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Confessions Of an Ex-TSA Agent: Secrets Of the I.O. Room 393

Jason Edward Harrington has seen some of the same frustrations, misgivings, and objections that have crossed the mind of probably every commercial airline traveler who's flown over the last decade in the U.S. One difference: Harrington got to see them from the perspective of a TSA agent. His description of the realities of the job (including learning the rote responses that agents are instructed to reassure the public with) is wince-worthy and compelling. A sample makes it clear why the TSA has such famously low morale, even among Federal agencies: "I hated it from the beginning. It was a job that had me patting down the crotches of children, the elderly and even infants as part of the post-9/11 airport security show. I confiscated jars of homemade apple butter on the pretense that they could pose threats to national security. I was even required to confiscate nail clippers from airline pilots—the implied logic being that pilots could use the nail clippers to hijack the very planes they were flying." It only gets worse from there.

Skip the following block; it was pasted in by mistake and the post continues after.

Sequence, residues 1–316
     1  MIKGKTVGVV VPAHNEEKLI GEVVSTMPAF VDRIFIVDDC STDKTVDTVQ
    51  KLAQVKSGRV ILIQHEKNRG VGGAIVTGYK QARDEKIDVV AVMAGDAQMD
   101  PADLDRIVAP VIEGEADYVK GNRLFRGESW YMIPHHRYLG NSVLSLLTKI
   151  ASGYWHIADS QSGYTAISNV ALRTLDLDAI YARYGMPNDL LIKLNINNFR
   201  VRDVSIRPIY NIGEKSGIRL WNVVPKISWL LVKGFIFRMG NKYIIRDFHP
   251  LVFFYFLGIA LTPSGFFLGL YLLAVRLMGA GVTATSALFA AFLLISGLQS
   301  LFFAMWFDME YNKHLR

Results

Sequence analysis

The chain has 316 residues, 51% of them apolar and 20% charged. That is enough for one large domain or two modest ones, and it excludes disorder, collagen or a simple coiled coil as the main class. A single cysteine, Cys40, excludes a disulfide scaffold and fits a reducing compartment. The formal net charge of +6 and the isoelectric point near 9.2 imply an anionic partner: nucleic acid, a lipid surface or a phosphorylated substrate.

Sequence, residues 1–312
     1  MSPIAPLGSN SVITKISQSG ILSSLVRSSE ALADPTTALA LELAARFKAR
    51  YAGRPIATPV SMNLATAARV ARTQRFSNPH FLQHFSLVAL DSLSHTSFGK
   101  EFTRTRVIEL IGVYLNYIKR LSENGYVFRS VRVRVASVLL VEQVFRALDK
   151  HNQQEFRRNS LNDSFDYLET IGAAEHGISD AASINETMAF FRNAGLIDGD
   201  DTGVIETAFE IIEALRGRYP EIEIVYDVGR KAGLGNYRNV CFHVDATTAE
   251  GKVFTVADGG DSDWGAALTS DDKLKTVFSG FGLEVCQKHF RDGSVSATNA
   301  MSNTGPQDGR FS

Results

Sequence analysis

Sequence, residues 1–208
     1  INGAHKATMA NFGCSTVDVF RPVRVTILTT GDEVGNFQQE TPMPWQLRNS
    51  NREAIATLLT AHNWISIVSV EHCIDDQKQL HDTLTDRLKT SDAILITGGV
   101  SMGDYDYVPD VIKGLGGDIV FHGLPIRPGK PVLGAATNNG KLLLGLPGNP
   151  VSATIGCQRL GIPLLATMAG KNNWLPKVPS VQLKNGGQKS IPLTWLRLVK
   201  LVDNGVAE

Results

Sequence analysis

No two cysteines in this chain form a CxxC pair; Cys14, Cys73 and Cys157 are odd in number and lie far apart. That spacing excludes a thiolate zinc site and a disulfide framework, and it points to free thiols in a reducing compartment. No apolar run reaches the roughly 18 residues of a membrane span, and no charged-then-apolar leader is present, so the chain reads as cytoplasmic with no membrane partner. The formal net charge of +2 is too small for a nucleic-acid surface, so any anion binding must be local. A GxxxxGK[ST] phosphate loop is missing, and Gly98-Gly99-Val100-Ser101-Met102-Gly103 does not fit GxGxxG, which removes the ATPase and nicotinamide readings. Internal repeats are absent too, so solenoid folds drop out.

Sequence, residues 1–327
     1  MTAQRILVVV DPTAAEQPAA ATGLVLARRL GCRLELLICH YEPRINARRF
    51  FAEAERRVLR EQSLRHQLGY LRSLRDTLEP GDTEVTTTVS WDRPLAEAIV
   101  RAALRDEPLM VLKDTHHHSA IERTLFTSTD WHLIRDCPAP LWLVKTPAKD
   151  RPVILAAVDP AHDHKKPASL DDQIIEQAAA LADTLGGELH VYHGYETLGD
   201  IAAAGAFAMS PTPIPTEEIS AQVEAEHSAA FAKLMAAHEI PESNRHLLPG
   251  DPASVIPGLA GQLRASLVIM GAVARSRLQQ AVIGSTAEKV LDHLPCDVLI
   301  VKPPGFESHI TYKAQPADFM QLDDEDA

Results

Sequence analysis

The first version always gets thrown away.